The great man now realizes that his time is up. Give him a good couple of months and he will announce his retirement. Also, you allow every player to have a lean patch and Sachin is just going through a bad one now. If you do not support your legends, then who else would. These greats have given their time and life to the game. The least anyone could ever do is just RESPECT.

Posted by   on (December 19, 2012, 5:12 GMT)

@LillianThomson: Seems like you had hardly followed any Indian cricket matches of the 90's & the early 2000's. & if your knowledge is no inadequate,stop tagging your perception on Tendulkar as correct.

Posted by   on (December 19, 2012, 5:04 GMT)

well every great player has great states, so does sachin, but what makes others true greats is that when ever they play, they play at their best, and when theyu retire, people ask why. I m sorry but thats the diference between sachin, and Lara, ponting, inzmam , saeed anwar, arvinda and even drrrravid _ ganguli. They all left the field when they had runs in them, n people kept asking n remembring them. But sachin, i m afraid is only statisically the great batsman. best time was with the 2011 world cup victory, where he won d match against Pak , but you know how did he struggled. n this will be d story in future also, so sachin please please sit in coomentry box not in d ground,as ur stats r remarkable, but someone will defintly break it, i guess Alister Cook in tests or Virat Kohly in ODIs, remember my words

Posted by Shafi79 on (December 19, 2012, 5:04 GMT)

I think sachin (the great player that he is) needs to take a leaf from Warne, Murali and Lara, they went out graccefully. Go whilst people still remember some of the best in you ... dont limp out like Sanath or Ponting please. Maybe he can have a fairytale ending if he announces his retirement like Murali did, annonuced his retirement and went on to take 8 wickets to get to 800 wickets in his last game ... now thats special! Maybe thats what sachin needs to get that final 100! If he knows its his last innings ....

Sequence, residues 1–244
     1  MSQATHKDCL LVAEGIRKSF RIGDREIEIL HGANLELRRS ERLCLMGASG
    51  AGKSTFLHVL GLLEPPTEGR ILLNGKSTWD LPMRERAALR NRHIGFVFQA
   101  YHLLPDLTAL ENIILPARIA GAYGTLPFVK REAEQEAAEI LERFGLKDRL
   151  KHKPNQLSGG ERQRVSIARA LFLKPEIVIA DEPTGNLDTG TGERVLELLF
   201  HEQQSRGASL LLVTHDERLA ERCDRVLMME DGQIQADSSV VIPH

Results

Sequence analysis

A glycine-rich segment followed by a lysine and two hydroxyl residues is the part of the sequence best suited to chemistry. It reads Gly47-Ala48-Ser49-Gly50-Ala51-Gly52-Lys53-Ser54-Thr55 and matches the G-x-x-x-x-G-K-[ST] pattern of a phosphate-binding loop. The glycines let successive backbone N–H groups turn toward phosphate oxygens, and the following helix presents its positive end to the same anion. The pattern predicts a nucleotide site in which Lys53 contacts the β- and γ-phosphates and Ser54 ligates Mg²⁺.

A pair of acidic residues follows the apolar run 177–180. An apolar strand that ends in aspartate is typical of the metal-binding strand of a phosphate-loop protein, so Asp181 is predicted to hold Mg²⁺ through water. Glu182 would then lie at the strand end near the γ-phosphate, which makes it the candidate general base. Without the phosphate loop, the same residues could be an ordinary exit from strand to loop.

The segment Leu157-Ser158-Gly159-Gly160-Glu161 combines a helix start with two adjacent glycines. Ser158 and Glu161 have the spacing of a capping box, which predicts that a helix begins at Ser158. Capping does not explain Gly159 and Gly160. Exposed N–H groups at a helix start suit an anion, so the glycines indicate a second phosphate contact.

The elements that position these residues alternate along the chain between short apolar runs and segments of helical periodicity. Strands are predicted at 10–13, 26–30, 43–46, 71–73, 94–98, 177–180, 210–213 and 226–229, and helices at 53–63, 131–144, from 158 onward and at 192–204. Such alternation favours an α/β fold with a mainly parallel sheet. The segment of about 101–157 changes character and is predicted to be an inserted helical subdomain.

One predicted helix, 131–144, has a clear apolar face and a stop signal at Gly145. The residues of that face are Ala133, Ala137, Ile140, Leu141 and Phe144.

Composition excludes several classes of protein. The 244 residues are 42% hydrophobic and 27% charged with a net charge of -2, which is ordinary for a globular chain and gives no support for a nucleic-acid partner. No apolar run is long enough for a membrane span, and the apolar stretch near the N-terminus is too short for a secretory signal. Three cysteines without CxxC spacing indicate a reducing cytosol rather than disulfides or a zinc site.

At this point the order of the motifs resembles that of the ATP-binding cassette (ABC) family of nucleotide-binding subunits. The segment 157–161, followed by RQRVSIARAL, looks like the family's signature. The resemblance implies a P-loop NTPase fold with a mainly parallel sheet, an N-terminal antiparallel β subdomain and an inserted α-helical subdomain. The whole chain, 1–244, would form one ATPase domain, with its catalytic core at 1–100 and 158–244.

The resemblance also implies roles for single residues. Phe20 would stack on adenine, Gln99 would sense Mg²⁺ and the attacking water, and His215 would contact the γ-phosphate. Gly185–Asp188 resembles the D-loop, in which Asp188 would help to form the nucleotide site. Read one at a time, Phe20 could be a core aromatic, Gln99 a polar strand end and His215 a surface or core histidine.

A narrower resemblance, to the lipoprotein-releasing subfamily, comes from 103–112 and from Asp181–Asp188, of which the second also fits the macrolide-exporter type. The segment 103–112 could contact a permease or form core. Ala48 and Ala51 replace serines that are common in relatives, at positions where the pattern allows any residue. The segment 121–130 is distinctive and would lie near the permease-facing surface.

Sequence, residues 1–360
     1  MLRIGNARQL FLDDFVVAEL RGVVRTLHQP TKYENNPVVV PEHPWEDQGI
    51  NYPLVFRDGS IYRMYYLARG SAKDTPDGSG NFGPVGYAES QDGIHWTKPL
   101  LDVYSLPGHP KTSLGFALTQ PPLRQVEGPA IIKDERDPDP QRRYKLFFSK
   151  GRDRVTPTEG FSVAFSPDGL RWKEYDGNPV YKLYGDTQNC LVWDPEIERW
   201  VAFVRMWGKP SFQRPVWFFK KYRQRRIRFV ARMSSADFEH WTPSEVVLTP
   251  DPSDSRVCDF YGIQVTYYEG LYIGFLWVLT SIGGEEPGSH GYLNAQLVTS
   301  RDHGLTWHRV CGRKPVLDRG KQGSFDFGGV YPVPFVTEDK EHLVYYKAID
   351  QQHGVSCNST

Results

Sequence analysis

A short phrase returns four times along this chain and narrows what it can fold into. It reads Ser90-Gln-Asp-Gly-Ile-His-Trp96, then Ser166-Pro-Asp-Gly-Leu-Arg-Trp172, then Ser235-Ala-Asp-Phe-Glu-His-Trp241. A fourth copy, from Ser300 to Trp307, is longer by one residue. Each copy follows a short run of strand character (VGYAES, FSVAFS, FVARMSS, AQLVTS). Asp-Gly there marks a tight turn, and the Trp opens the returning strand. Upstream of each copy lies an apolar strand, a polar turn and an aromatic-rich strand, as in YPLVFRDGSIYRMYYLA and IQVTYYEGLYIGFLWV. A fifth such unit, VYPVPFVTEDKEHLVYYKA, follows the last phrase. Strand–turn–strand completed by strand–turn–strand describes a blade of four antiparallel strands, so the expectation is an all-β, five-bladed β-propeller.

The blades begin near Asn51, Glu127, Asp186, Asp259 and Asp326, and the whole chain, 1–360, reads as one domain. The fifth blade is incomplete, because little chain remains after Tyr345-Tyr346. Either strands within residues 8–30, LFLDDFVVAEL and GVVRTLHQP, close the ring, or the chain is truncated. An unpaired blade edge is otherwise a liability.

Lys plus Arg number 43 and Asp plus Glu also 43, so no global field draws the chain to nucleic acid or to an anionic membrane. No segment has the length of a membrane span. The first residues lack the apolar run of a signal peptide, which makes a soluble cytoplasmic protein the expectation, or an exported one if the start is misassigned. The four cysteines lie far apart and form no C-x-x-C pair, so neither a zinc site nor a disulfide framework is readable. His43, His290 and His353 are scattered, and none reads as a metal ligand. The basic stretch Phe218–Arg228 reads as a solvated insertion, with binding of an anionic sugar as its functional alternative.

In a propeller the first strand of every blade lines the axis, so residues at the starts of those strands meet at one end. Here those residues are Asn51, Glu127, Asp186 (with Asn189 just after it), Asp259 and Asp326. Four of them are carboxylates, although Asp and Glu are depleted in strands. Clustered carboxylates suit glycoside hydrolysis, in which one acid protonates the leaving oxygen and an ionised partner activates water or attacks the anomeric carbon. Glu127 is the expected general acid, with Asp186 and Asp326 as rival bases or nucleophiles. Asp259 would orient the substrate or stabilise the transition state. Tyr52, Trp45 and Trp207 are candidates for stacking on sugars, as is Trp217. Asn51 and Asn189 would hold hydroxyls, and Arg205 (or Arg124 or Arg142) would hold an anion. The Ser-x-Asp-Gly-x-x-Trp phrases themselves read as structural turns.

Posted by LillianThomson on (December 19, 2012, 5:04 GMT)

There is another issue, which the example of Tendulkar's muted response to his first Test century raises. I'm a psychiatrist, and I'll tell you my theory.....

Dravid and Laxman were highly intelligent and educated men. They were thinkers - as was Shane Warne, in spite of his limited education.

I think that Tendulkar was born with an extraordinary gift for batting, but lacks the intellect or outside interests of the others. On the one hand, it makes him the Boy Prince, who just wants to bat forever and not have to think about any other life.

But it also means that he cannot reflect like a more intelligent or educated man could. That's why he was a poor captain. That's why he can't bring himself to retire, because 45 more years without a cricket bat in his hand is a frightening prospect.

When Tendulkar scored that first Test ton, of course he was proud, happy. But then he knew nothing else to do but bat on and on and on.

A supremely gifted batsman. But a limited thinker.

Posted by Kolpak1989 on (December 19, 2012, 5:02 GMT)

Great article Ed. Tendulkar is an amazing player and I guess it is difficult for non-Indians to understand what he means to their country but watching his steady decline is almost as sad for me as watching Ricky being dismissed cheaply by bowlers who in days gone by wouldn't have stood a chance of taking the great man's wicket. It will be sad to watch Tendulkar go, but I really think the selectors should end his career; it would be a mercy killing after all. Sachin should not be brought down to the mortal plane through more disappointing scores, he belongs in that limited pantheon of modern batting Gods along with RT Ponting and BC Lara.

Posted by   on (December 19, 2012, 5:02 GMT)

IF Tendulkar not retiring then it is requested to Mr. Sunil Gavaskar to come out of retirement and play with him. It will be nice to see both of them playing

Posted by   on (December 19, 2012, 5:02 GMT)